“A coalition of charities, businesses, banks, and think tanks has launched a campaign calling on the government to put building social homes at the heart of its plans for recovery from the coronavirus crisis.”
The mutant housing needs algorithm is going to do nothing to address this problem, it’s just another developers’ charter to build, build, build the wrong sort of houses in the wrong places – Owl
15 September 2020 www.housing.org.uk
The real ‘social housing waiting list’ in England is 500,000 households bigger than official figures suggest, reveals our new data today.
The findings are published in our annual People in Housing Need report, the most comprehensive report to date on the state of the nation’s housing crisis. It is the only research to analyse the true number of people in need of social housing in England, which has now hit 3.8m. This equates to 1.6m households – 500,000 more than the 1.16m households recorded on official waiting lists.[i]
Due to the severe shortage of social homes, some of these people have been on their council waiting list for almost two decades and may never be housed.[ii]
Already at critical levels, the National Housing Federation is warning that the number of people in need of social housing is set to rise rapidly as a result of the coronavirus pandemic – with low-income earners roughly twice as likely to lose their jobs.[iii] Worse still, those currently in need are likely to be forced further into poverty and debt and as the eviction ban ends, many more will become homeless.
Social rented homes are typically 50% of market rent. They are the most affordable and secure homes for people on low incomes.
Last year only 6,338 new social rented homes were built, a fall of 84% since 2010. New lettings from existing properties also fell by 17% in the same time period and the most expensive areas of the country saw the smallest proportion of new lettings, despite having the highest number of people in need and on waiting lists. [iv]
In the last two years the number of people in need of social housing has increased by 5% and 165,000 people, whilst the number of households has largely remained the same. This suggests that new and growing families are now suffering the worse effects of the housing crisis. The report shows that there are now 3.4m people living in overcrowded homes.
Now in its second year of publication, People in Housing Need reveals the true number of people hit by housing problems, what issues they are facing; such as unaffordability, overcrowding or poor conditions, and what housing would be most appropriate to meet their needs, based on income and circumstances.
Previously, council housing waiting lists were the only way of measuring how many people needed social housing. But these lists, which only record people who apply and meet strict criteria, are a way of prioritising the most vulnerable. They are not intended to be an accurate reflection of everyone in need of an affordable and secure home. Today’s report gives a significantly clearer and more accurate picture of housing need in this country.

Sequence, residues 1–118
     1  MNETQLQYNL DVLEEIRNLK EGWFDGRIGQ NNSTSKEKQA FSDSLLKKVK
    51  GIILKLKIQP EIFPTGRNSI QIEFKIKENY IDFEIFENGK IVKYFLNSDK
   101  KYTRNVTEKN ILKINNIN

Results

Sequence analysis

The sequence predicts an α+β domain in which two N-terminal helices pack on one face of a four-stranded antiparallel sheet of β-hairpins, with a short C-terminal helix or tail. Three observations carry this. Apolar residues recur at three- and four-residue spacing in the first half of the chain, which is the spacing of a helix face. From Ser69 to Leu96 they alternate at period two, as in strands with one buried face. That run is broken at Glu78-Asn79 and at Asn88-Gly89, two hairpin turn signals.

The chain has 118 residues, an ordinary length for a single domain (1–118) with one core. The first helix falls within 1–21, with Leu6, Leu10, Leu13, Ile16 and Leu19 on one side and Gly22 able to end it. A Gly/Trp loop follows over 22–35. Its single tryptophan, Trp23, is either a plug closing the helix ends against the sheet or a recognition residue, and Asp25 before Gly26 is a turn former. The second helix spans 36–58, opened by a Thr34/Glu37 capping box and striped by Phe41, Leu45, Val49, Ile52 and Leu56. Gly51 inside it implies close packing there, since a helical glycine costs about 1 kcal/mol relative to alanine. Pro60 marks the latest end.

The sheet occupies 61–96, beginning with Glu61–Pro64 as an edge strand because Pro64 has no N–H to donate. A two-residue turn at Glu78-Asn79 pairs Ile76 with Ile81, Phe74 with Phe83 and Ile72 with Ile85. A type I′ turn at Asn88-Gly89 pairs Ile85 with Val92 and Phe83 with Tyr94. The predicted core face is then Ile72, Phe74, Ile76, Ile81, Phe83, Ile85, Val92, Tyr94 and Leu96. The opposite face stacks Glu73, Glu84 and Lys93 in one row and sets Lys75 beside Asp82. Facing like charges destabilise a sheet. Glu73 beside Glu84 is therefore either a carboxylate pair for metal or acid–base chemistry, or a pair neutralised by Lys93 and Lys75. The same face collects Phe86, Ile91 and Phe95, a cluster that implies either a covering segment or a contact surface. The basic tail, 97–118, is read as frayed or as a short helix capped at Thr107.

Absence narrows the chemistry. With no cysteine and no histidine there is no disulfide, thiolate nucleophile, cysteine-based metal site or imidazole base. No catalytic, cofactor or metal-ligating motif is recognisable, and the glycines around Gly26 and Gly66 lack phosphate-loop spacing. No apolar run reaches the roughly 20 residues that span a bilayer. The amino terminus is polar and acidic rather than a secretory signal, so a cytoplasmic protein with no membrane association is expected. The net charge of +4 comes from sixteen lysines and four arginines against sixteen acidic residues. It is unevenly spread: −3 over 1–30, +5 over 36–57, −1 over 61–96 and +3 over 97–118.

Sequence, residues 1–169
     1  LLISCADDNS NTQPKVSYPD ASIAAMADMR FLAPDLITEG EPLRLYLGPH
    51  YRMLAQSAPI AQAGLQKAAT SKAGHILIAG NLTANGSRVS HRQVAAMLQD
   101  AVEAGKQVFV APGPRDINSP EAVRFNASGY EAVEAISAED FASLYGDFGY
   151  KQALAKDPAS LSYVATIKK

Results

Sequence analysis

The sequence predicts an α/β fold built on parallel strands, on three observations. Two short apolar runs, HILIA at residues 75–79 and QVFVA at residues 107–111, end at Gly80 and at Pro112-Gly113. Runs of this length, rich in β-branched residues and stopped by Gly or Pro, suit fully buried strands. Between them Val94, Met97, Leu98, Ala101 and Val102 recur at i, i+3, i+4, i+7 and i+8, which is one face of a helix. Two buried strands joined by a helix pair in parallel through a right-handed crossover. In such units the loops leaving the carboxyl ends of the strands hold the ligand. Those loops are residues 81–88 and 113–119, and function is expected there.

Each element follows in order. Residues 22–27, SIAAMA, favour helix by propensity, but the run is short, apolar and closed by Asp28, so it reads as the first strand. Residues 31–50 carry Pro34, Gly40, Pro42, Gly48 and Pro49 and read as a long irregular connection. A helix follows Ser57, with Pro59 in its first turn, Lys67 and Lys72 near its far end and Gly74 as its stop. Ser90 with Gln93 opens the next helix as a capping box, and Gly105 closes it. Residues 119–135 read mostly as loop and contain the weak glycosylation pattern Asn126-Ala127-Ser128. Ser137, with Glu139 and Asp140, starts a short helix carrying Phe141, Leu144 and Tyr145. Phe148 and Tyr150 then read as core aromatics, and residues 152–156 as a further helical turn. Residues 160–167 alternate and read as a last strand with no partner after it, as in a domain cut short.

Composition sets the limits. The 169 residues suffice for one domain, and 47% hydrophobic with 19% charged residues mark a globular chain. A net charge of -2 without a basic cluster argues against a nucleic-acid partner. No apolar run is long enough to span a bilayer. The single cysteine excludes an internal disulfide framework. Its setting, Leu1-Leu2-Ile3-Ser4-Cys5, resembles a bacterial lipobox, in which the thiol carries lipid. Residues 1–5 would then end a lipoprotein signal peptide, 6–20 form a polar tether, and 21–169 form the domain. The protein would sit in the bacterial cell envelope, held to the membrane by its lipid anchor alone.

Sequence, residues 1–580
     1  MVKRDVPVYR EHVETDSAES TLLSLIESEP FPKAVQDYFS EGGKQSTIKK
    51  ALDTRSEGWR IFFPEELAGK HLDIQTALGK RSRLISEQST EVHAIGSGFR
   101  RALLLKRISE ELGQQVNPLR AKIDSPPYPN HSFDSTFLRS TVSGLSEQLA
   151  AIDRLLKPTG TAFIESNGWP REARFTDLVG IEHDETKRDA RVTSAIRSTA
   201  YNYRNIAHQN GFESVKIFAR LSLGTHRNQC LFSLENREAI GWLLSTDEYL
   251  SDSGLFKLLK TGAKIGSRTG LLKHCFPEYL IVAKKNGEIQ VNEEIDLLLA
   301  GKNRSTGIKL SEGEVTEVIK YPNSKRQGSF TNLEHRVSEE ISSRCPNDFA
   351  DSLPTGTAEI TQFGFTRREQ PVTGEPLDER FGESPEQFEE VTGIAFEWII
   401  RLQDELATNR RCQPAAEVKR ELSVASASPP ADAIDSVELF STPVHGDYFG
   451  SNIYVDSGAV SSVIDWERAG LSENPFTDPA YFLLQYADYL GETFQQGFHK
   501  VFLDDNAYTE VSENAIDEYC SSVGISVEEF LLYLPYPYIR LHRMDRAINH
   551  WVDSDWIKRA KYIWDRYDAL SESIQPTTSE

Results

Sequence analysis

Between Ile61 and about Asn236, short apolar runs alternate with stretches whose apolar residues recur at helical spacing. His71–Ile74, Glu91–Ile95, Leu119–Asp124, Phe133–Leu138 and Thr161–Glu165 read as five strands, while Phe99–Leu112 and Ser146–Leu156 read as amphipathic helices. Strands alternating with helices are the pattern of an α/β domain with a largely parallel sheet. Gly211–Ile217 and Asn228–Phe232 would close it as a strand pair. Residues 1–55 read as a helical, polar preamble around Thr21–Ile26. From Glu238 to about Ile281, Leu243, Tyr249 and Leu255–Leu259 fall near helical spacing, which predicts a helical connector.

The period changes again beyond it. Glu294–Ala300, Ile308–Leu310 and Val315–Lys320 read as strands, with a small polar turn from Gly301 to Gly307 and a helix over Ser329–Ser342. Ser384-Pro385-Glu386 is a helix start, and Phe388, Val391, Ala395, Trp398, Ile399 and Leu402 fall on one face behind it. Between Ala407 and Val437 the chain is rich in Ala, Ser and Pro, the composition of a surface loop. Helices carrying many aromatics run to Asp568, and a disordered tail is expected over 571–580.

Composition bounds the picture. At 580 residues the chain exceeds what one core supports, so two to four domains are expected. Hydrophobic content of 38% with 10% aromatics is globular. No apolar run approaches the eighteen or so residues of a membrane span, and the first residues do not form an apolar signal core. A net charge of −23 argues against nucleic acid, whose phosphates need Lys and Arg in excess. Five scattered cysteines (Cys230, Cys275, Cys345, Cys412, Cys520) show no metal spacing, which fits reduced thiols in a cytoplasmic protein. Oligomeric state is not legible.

The largest number of people on the real ‘social housing waiting list’ are in private rented homes (1.5m), with many having to choose between living in poverty and getting into debt in order to keep a roof over their heads. Others are living in overcrowded, poor quality or unsuitable homes, stuck with friends, family or ex partners because they cannot afford a home of their own, or are homeless. Official figures show that the number of homeless children living in temporary accommodation has risen by 88% since its low point in 2011 to 129,380.[v]
A coalition of charities, businesses, banks, and think tanks has launched a campaign calling on the government to put building social homes at the heart of its plans for recovery from the coronavirus crisis.
The Homes at the Heart campaign is a partnership between Chartered Institute of Housing, Crisis, National Federation of ALMOs, Association of Retained Council Housing and National Housing Federation; along with over 60 supporters from across different sectors – from Carers UK to NatWest.
Last month the HCLG committee inquiry into building more social housing, endorsed the National Housing Federation and Crisis’ recommendation that the government invest £10bn a year in social housing. This would be enough to build 90,000 new social rented homes every year. The report added that this should be a top priority to rebuild the country from the impact of Covid-19.
Kate Henderson, Chief Executive of the National Housing Federation, said: “Today’s report shows that the sharp end of the housing crisis is getting sharper, and at a rapid rate. Under-investment in social housing has left us with virtually no affordable homes available for people on the lowest incomes.
“The real tragedy is that these are same people impacted the most by the coronavirus crisis, which had led to huge job losses for low income workers. When the government’s Job Retention Scheme and ban on evictions end, we are likely to see people in need of social housing skyrocket.
“Everyone deserves a safe, secure and affordable home and social housing provides that vital safety net for low income people including thousands of key workers who have been keeping our country going at this time. We are calling on the government to commit to a once-in-a-generation investment in social housing and put homes at the heart of its plans for economic and social recovery.”
For more information on the Homes at the Heart Campaign visit: https://www.housing.org.uk/HomesAtTheHeart